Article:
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Squarepusher
Be Up A Hello Nick Roseblade , February 4th, 2020 08:43

Tom Jenkinson drags his collection of vintage synths back out of storage for some classic Squarepusher brutalism, finds Nick Roseblade

When I first heard the music of Tom Jenkinson, AKA Squarepusher, as a teenager I was blown away by how fearless it was. It tapped into my love of ravey sounds coupled with frenetic drum ‘n bass breaks, basslines that made you smile and enough glitch to make you check that the CD was working correctly. This ability to mix brutalist acid with an avant-garde sensibility really excited me. The main albums readily available then were Hard Normal Daddy and Music is Rotted One Note. Hard Normal Daddy spoke to me more as it was fun and immediate, but there was something about the slow burn of Music is Rotted One Note that made repeat listens an absolute pleasure. On his latest album, Be Up a Hello, I’m struck by how those initial feelings still resonate. After twenty-four years Jenkinson can still transform a fully-grown adult into a gibbering open-mouthed teenager who can’t believe what he’s just heard.

Part of this reason is that Jenkinson has gone back to basics. His last album under the Squarepusher moniker, 2015s Damogen Furies, was created using software Jenkinson has taken over a decade to develop. Here he’s using the same equipment that helped hone his sound in the early 90s. Opening track ‘Oberlove’ feels like a lost track from Hard Normal Daddy. There is a playful euphoria going on behind big bouncy basslines. Given the rampant breakbeats, the synths are serene, with a feeling of contentment. It feels like Jenkinson is saying, “Yes, it’s been a while since I last put something out, but just sit back and let us get reacquainted.” Due to using vintage synths there is an immediateness to the songs, which mirrors their creation. Instead of having the ability to endlessly tinker with the electronic sounds, as he did on Damogen Furies. Using vintage equipment required parameters to be finely tuned to generate a given set of sounds, meaning that the tracks were finalised and recorded in a single take. This harkened back to Jenkinson’s original approach to song writing and the DIY rave scene he emerged from. ‘Hitsonu’ follows this straightforward vibe, but here and there are motifs of darker things to come. We don’t have to wait long as ‘Nervelevers’ and ‘Speedcrank’ are more fractured, reminding us that Jenkinson is still very capable of delivering nihilistic techno.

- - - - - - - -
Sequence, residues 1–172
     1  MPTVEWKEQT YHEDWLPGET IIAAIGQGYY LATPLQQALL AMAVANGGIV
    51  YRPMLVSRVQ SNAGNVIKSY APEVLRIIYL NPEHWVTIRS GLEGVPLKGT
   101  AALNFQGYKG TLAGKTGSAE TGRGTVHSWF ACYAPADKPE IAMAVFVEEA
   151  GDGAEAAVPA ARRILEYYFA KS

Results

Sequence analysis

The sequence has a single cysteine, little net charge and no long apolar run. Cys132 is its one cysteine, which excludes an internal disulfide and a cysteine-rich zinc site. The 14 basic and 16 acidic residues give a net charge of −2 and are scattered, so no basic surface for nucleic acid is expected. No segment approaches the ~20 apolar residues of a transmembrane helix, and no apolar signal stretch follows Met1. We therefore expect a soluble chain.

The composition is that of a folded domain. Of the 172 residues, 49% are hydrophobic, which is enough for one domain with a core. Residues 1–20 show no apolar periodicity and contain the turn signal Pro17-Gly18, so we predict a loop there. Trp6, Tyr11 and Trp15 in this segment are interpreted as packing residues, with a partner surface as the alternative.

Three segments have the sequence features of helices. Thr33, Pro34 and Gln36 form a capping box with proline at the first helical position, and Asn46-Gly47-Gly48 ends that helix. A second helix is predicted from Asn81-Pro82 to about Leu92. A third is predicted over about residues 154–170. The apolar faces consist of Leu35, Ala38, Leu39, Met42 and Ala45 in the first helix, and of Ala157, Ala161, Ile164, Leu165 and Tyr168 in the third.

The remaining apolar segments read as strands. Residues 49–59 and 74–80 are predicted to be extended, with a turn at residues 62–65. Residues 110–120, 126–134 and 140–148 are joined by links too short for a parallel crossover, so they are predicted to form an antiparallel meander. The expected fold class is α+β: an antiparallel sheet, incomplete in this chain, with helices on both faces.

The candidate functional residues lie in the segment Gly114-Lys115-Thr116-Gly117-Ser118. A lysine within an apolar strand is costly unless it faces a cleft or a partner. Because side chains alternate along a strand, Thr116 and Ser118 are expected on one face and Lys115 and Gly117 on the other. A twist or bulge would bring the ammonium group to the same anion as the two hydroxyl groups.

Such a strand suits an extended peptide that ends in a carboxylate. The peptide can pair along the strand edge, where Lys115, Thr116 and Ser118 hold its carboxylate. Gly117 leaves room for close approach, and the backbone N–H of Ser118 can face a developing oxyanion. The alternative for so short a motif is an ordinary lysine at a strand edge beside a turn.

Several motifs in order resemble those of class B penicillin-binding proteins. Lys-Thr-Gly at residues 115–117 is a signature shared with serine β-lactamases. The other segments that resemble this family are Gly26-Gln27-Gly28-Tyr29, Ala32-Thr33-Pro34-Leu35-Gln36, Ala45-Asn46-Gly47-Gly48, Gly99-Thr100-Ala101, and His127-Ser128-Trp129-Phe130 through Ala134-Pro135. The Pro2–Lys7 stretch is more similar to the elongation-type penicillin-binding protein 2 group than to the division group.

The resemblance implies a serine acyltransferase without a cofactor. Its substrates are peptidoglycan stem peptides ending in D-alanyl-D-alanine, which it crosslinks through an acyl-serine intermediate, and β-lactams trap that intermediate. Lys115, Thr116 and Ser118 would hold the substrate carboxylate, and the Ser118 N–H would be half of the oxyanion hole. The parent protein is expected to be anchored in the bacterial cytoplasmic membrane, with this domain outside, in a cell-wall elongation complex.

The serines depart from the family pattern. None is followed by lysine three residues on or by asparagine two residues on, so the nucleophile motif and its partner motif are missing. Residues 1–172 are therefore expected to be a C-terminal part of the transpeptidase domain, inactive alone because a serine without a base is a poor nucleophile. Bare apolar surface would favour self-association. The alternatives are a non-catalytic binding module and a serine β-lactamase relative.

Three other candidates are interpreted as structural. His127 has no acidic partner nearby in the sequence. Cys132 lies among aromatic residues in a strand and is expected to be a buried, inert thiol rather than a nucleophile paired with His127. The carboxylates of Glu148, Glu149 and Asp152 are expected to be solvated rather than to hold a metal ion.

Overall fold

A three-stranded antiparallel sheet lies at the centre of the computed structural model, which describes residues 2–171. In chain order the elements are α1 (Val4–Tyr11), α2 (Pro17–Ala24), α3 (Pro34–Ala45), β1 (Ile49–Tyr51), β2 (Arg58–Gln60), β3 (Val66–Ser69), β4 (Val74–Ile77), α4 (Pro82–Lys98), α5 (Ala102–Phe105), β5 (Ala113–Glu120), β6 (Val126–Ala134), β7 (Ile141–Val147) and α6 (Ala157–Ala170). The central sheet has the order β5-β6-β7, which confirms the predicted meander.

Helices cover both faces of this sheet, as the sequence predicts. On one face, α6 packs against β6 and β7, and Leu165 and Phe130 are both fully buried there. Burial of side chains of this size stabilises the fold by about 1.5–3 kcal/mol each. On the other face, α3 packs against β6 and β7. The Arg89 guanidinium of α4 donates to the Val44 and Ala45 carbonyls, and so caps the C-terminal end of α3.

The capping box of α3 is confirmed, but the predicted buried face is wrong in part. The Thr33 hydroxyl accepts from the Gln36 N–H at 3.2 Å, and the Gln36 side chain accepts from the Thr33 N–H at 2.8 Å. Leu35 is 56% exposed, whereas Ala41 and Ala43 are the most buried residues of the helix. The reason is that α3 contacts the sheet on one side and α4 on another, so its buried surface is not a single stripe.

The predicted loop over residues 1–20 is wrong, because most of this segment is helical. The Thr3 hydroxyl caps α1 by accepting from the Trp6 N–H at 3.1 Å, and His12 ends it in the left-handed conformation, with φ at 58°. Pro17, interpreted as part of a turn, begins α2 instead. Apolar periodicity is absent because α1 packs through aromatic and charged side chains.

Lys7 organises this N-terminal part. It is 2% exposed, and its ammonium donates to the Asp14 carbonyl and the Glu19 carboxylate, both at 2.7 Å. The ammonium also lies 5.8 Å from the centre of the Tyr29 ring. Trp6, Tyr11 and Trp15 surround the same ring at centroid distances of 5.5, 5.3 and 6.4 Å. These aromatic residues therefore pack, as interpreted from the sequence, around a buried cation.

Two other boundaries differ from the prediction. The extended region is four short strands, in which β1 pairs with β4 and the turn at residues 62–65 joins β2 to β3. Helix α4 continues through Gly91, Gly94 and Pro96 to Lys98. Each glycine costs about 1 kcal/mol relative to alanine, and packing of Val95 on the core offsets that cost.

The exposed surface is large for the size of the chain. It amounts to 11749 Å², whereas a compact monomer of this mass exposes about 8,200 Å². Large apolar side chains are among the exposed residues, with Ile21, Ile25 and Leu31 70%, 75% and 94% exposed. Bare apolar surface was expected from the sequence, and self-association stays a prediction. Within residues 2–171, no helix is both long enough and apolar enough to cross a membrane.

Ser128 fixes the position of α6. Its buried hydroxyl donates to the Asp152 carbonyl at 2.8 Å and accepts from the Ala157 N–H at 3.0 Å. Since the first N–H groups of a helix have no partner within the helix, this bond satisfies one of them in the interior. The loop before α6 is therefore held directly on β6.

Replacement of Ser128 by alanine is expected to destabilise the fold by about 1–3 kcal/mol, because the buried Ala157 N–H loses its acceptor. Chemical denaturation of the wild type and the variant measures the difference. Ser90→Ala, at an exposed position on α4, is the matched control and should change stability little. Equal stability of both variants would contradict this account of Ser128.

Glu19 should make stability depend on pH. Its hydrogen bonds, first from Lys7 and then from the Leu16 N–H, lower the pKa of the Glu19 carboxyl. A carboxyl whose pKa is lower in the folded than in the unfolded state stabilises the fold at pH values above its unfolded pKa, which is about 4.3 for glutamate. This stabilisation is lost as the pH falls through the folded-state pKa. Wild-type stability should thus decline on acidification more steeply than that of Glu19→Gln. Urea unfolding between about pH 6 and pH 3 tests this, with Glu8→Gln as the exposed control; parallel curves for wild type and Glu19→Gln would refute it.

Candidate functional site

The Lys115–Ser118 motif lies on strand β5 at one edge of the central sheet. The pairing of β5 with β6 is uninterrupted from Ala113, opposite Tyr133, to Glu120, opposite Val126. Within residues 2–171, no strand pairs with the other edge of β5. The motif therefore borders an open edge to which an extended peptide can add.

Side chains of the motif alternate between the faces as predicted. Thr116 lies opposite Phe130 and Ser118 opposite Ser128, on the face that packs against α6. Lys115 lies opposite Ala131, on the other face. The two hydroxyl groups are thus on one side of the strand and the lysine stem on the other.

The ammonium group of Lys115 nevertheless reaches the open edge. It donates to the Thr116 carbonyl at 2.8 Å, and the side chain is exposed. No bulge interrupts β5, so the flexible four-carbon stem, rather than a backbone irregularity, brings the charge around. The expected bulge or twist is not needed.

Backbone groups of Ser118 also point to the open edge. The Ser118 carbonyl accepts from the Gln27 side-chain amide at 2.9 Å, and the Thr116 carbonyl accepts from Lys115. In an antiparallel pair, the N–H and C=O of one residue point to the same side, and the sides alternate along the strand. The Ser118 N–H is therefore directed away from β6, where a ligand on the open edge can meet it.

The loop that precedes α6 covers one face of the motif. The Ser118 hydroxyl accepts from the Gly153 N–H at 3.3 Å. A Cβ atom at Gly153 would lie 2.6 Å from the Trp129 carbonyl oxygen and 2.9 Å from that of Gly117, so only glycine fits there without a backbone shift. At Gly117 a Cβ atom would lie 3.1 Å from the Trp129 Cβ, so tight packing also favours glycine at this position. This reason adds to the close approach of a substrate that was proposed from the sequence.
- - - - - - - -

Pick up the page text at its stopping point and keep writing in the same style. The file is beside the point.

‘Mekrev Bass’ and ’80 Ondula’ end the album on a darker tone. Here Jenkinson is adding massive breakbeats to his Music is Rotted One Note blueprint and it sounds as innovative as it did in the late 90s. These final two songs are the standout moments on an album full of standout moments as Jenkinson mixes up sounds to create something exciting. Rather than following the same patterns, as some electronic artists are guilty of, Jenkinson wants to challenge himself – as well as us. There are times when it hasn’t worked out as well. Ultravisitor felt like a rare misstep, but you got what he was trying to do and went with it. On Be Up a Hello Jenkinson is back to his best and delivers something that sounds familiar, and classic, whilst being a totally audacious experience.

Be Up a Hello is Jenkinson’s strongest album for a decade and is easily up there with his best work. After the initial euphoric bounce of ‘Oberlove’ and ‘Hitsonu’, the album delves into classic territories. Wonky jazz and acid breakdowns all feature, making Be Up a Hello feel like a greatest hits album. And in a sense it is. In a perverse way, by using the same equipment he started out with, Be Up a Hello feels like his debut 2.0. He’s taking everything he’s learned over his twenty-four-year career and putting it to use with his original gear, making for an album that has hints of nostalgia, but none of the awkwardness.

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